Young People Who Sacrifice Romance for 'Unencumbered Striving'

Like I said, a small example. But these lessons accumulate the longer you spend dating people in whom you're willing to invest love, emotion, time, and effort. Invest less, and the returns shrink. (It seems so strange to have to give the advice, "At least hook up with people you actually like!")

Thinking back on conversations about dating I've had over the years, I can think of so many lessons that friends of mine learned from early relationships: that contrary to their expectations, religion really is (or isn't) a dealbreaker for them; that a partner's clinical depression doesn't mean they're a failure for being unable to cheer him or her up; that he or she really won't change. They've drawn on some of the lessons in their serious relationships and marriages; other lessons weren't applicable. You never know which is which until you meet your significant other. And most people don't learn any of these or other lessons except through hard experience. No matter how graspable they seem in abstract, every generation relearns them.

Other lessons are delights, like learning that you're a dog person, or figuring out that your whole notion of how well you deserve to be treated was artificially low and isn't that way anymore. I'm sure years of maintaining functional, no-strings hookups offers its own lessons -- perhaps they even take less time and energy to glean (I have my doubts). I strongly suspect they're not particularly applicable to long-term relationships or marriages, if that's what you eventually want.

How much does this stuff matter? I don't know.

Often it takes getting it wrong a lot to get it right.

People used to marry much younger, and didn't have years of dating to glean lessons of the sort I'm discussing. But they lived in an era where societal expectations and marital roles were more defined. Today, young people benefit less from tradition. 

Today, young people are figuring out their own sexual identity and values, what they expect out of a relationship, whether they want to marry at all, the things they want and need from their husband or wife -- "whatever works best for you and your partner" is the ethos of our era, and in many ways, that's wonderful. But finding what works for you arguably takes more self-knowledge than ever before; it is arguably harder than ever before to figure out what the person you're dating or marrying needs and wants. Often it takes getting it wrong a lot to get it right.

Plus, some of what everyone needs is a partner who understands how to balance selfishness and selflessness; how to juggle career and personal life; how to be fully invested in a relationship and also fulfill individual needs. Some people are naturally better at this than others. Perhaps women are, on average, better at this than men, and require less practice. But everyone makes and learns from mistakes. At what age is it ideal to start that effort? If your plan is to marry at 27 or 28 or 29, it seems counterintuitive to think the answer is 25 or 26 or 27, and that a shift from "no-strings" to dating to marriage is going to unfold without any major hitches.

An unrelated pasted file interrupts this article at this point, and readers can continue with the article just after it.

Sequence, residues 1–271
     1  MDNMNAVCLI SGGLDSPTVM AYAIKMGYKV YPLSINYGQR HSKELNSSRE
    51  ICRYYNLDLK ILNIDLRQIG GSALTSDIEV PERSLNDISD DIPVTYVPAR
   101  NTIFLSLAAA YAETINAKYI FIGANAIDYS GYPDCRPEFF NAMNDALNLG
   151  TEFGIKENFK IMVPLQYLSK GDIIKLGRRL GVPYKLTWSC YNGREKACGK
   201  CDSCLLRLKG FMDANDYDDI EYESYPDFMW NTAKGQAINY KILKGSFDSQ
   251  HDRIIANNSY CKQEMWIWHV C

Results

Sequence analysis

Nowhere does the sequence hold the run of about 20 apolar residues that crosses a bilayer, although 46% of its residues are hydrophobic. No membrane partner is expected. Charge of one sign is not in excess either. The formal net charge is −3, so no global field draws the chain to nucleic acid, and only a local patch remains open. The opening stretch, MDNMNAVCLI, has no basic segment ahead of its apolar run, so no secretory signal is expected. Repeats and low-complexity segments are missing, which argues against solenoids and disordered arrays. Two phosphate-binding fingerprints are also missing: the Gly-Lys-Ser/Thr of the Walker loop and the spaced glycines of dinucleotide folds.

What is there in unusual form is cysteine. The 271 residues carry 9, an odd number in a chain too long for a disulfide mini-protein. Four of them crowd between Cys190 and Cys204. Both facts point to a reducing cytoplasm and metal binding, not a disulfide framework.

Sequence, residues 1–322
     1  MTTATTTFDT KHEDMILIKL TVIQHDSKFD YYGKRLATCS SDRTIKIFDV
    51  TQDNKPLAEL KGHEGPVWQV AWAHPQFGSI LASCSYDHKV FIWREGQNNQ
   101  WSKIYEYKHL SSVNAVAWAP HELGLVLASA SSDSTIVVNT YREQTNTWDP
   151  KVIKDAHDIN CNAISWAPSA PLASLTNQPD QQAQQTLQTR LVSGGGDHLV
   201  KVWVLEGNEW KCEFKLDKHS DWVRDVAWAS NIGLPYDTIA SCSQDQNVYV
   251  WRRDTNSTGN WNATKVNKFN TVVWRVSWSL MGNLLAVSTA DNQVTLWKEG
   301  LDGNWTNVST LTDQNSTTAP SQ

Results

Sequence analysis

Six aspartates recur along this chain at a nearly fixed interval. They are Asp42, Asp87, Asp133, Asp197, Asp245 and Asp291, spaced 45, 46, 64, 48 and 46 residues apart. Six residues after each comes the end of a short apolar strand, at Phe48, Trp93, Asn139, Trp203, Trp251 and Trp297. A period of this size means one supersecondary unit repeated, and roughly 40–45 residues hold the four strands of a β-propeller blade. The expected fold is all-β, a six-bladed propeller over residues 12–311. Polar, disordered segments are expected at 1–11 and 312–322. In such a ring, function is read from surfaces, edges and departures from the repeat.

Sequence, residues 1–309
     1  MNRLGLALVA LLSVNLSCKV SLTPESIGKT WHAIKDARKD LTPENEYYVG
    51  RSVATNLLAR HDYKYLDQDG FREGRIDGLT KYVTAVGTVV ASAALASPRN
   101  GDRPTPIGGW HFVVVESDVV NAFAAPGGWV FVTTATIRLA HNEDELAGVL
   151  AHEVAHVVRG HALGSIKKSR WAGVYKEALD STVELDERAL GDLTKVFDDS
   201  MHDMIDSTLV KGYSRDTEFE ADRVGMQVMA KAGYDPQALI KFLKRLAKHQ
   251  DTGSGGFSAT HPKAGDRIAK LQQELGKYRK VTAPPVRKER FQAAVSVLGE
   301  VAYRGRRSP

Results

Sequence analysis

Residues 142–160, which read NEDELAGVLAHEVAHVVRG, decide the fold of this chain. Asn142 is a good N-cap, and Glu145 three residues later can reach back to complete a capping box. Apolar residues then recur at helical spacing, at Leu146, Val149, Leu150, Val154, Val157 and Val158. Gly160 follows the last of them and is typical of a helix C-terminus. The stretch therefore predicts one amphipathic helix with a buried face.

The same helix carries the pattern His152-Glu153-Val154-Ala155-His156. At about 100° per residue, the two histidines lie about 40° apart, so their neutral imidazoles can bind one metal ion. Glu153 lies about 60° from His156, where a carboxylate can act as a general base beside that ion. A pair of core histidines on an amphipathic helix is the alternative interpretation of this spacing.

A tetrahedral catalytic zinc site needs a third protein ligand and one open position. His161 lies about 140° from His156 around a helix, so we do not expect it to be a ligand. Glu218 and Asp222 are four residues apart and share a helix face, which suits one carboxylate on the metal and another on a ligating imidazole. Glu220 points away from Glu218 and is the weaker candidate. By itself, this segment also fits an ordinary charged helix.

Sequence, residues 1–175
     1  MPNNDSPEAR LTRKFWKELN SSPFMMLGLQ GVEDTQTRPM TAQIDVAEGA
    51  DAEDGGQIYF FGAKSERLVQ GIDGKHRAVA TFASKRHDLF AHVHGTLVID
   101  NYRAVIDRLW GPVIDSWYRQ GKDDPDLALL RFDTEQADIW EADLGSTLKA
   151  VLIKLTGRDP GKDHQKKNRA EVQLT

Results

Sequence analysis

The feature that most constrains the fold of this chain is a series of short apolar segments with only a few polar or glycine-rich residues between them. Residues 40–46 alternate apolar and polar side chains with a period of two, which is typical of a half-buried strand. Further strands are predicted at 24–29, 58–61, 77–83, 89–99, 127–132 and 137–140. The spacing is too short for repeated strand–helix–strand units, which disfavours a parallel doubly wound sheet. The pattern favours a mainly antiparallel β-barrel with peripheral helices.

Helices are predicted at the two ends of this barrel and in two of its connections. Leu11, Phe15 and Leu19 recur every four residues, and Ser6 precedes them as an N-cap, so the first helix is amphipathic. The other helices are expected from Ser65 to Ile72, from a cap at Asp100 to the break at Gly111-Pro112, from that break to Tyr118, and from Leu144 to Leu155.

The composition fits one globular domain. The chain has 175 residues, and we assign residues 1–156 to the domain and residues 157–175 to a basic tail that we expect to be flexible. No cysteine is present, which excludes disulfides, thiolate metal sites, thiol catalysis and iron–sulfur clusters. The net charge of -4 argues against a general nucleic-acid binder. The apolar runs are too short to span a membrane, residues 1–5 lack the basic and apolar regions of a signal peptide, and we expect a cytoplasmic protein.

Then again, I've never tried it, so perhaps I'm wrong.

The subhed of the New York Times article states that "for many, building a résumé, not finding a boyfriend (never mind a husband), is their main job on campus." Again, I assume there are men who would fully agree with that account of their priorities. I certainly wouldn't suggest that hunting for someone to date, or to marry, ought to be "the main job" of any college student, or a "job" at all, for that matter. But pursuing crushes and even falling in love, at least every once in a while -- rather than satisfying one's sex drive and need for intimacy via late-night-text-message-and-hookup with someone that, per the article, you don't even like talking to outside of the bedroom? I'd merely posit that, if the fun, diversion, love, and fulfillment of romance doesn't appear to be worth it based on the "life goals" cost-benefit analysis that's disconcertingly ubiquitous these days; and if one of the life goals is, in fact, marriage; then perhaps young men and women underestimate the benefits of pairing love and lust before 26, 27 or 28. I know of no tougher or more fulfilling course material; and I'm grateful that, for once, I wasn't cramming for the test.

Presented by

Conor Friedersdorf is a staff writer at The Atlantic, where he focuses on politics and national affairs. He lives in Venice, California, and is the founding editor of The Best of Journalism, a newsletter devoted to exceptional nonfiction.

How to Cook Spaghetti Squash (and Why)

Cooking for yourself is one of the surest ways to eat well. Bestselling author Mark Bittman teaches James Hamblin the recipe that everyone is Googling.

Join the Discussion

After you comment, click Post. If you’re not already logged in you will be asked to log in or register.

blog comments powered by Disqus


How to Cook Spaghetti Squash (and Why)

Cooking for yourself is one of the surest ways to eat well.


Before Tinder, a Tree

Looking for your soulmate? Write a letter to the "Bridegroom's Oak" in Germany.


The Health Benefits of Going Outside

People spend too much time indoors. One solution: ecotherapy.


Where High Tech Meets the 1950s

Why did Green Bank, West Virginia, ban wireless signals? For science.


Yes, Quidditch Is Real

How J.K. Rowling's magical sport spread from Hogwarts to college campuses


Would You Live in a Treehouse?

A treehouse can be an ideal office space, vacation rental, and way of reconnecting with your youth.

More in The Sexes

Just In